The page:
Clinical Chipping of Zirconia All-Ceramic Restorations

Authors [Ref] (Year)
Mean time (years)
Sample size
Type of restorations
Veneer porcelain fracture (%)
Rinke et al. [5] (2013)
7
80
3–4 unit FPDs
28.8
Burke et al. [6] (2013)
5
33
3–4 unit FPDs
24.2
Monaco et al. [7] (2013)
5
1,132
Single crowns
Unknown
Vavřičková et al. [8] (2013)
3
102
Single crowns
Unknown
Rinke et al. [9] (2013)
3
52
Single crowns
5.8
Raiqrodski et al. [10] (2012)
5
23
3 unit FPDs
21
Ortorp et.al. [11] (2012)
5
143
Single crowns
3
Vigolo et.al. [12] (2012)
5
39
Single crowns
7.7
Schmitter et.al. [13] (2012)
5
30
4–7 unit FPDs
26.7
Schmitt et.al. [14] (2012)
5
25
3–4 unit FPDs
28
Kern et.al. [15] (2012)
5
20
3–4 unit FPDs
Unknown
Sorrentino et.al. [16] (2012)
5
48
3 unit FPDs
6.3
Sagirkaya et.al. [17] (2012)
4
107
Single crowns
0.9
Peláez et.al. [18] (2012)
4
20
3 unit FPDs
10
Salido et.al. [19] (2012)
4
17
4 unit FPDs
29.1
Ohlmann et.al. [20] (2012)
2
11
3–4 unit FPDs
18.2
Poggio et.al. [21] (2012)
1
102
Single crowns
2.0
Sax et.al. [22] (2011)
10
57
3–5 unit FPDs
28.0
Tartaglia et.al. [23] (2011)
3
463
Single or multiple-unit
Unknown
Roediger et.al. [24] (2010)
4
99
3–4 unit FPDs
13
Beuer et.al. [25] (2010)
3
68
Single or multiple-unit
7.4
Schmitt et.al. [26] (2010)
3
17
Single crowns
5.9
Tsumita et.al. [27] (2010)
2
21
3 unit FPDs
14.3
Clinical reporting on porcelain fracturing in zirconia all-ceramic restorations has shown a high rate of occurrence of short-term cohesive failure of porcelain, a rate of occurrence that is significantly higher than that in the case of porcelain fused to metal restorations. In one report, a chipping rate of 0–88.9 % in a one- to eight-year follow-up period has been mentioned [28]. Moreover, the most common form of clinical failure is porcelain chipping [29], and prevention of the fracturing of porcelain fired onto the zirconia frame has become a clinical challenge. In particular, the parameters of occlusion are a factor and the usage of a night guard or press ceramics has been proposed [28, 29].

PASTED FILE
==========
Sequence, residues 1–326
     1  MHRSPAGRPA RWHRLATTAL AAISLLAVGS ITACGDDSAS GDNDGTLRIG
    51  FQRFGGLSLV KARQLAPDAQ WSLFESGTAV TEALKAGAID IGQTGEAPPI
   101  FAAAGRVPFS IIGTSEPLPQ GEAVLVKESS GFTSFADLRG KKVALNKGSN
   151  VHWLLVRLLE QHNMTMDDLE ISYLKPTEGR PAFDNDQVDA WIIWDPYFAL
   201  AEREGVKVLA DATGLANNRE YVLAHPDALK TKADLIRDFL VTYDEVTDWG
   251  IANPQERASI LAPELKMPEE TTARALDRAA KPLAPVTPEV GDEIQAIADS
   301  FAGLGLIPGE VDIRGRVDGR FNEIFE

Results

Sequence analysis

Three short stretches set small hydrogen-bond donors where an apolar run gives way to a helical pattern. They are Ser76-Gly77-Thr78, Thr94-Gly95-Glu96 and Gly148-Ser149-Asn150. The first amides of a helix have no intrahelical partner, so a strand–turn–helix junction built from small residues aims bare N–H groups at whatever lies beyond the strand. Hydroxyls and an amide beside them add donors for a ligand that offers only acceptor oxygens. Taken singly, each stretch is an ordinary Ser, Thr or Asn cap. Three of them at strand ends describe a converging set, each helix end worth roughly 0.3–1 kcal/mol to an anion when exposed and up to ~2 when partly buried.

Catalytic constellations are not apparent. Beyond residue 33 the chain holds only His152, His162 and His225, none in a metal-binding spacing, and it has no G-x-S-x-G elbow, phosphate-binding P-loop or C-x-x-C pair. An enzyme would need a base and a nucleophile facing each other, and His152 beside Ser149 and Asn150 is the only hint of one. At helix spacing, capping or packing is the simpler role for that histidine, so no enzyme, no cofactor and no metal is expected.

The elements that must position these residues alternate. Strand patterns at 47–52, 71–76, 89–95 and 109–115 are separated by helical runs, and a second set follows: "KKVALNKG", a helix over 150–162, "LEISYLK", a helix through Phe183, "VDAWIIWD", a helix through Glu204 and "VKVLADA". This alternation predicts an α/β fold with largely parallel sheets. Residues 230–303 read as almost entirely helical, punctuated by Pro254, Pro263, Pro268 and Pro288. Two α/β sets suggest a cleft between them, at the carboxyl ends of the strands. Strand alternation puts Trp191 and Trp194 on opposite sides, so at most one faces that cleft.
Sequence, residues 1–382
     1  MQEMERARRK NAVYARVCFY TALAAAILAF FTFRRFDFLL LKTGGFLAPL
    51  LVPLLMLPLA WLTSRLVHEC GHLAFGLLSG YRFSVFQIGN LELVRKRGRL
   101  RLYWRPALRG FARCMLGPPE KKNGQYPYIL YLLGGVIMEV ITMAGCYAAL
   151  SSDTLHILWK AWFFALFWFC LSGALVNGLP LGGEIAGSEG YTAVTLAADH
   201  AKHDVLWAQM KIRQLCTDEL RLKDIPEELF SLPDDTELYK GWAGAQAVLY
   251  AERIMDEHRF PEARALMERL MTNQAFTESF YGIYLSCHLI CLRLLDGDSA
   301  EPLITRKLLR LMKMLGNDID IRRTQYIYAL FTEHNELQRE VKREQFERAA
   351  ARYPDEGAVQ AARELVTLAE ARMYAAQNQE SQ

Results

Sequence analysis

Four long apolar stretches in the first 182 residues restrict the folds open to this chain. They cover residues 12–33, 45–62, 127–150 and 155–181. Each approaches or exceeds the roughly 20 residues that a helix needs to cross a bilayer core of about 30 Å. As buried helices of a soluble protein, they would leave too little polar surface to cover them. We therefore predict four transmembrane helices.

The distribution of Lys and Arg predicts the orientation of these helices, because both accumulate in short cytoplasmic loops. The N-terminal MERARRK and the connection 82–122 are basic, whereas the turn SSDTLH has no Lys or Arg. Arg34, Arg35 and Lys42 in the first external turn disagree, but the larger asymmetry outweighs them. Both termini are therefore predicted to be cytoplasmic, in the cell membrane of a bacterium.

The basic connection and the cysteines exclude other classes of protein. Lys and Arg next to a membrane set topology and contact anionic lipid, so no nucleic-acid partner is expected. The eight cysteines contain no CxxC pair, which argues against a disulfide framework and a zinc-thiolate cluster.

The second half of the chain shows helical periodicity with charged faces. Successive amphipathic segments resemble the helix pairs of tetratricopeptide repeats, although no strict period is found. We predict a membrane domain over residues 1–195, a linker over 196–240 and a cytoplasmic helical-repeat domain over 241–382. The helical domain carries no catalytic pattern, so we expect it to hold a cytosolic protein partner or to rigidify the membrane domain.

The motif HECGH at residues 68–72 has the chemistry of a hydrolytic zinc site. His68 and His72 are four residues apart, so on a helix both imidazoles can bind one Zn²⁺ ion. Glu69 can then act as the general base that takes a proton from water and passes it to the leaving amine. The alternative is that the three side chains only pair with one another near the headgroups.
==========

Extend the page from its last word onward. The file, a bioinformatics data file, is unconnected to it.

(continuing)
27.3 Influence of Frame Thickness and Porcelain Firing Schedules

It is thought that owing to differences in the physical properties of metal frames, zirconia frames might more readily experience chipping from thermal factors during porcelain firing. The reason for this is that the thermal conductivity of zirconia is about 1/100 that of gold [30]. Porcelain firing is thus thought to proceed gradually inward starting not from the frame side but rather from the porcelain surface layer, which more readily conducts heat, and the fired porcelain interior is possibly more susceptible to partially incomplete firing or distortion. In addition, the heat capacity of the zirconia is about 3.5 times that of gold [30]. For this reason, a temperature gradient is believed to possibly occur in the process of cooling after firing, creating a shrinkage difference between the inner and outer surfaces of the sintered body and triggering cracking and other defects. The presence of the frame and thermal factors is thus expected to be a significant factor that triggers partially incomplete firing and defects. Modeling all-ceramic crowns mimicking clinical forms, Benetti et al. measured the temperature differences in porcelain interiors because of the differences between zirconia frames and metal frames and differences in cooling rates after firing. They noted that the specific heat, heat capacity, and thermal expansion rate of a material impacts early fracturing of all-ceramic crowns [31]. Nonetheless, though their research investigated temperature changes during sintering and cooling, there was no assessment of physical properties of porcelain caused by this. We have investigated how differences in the firing conditions of porcelain and frame material impact the fracture toughness of porcelain, in order to study how these factors impact the mechanical properties of porcelain. Our results showed that under conditions of faster heating rates, the fracture toughness decreases than that under manual conditions [32]. Regarding the thermal expansion coefficients of porcelain and zirconia, a zirconia frame has a slightly (about 10 %) greater thermal expansion coefficient than porcelain [33

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Sep 17, 2015 | Posted by in General Dentistry | Comments Off on Clinical Chipping of Zirconia All-Ceramic Restorations
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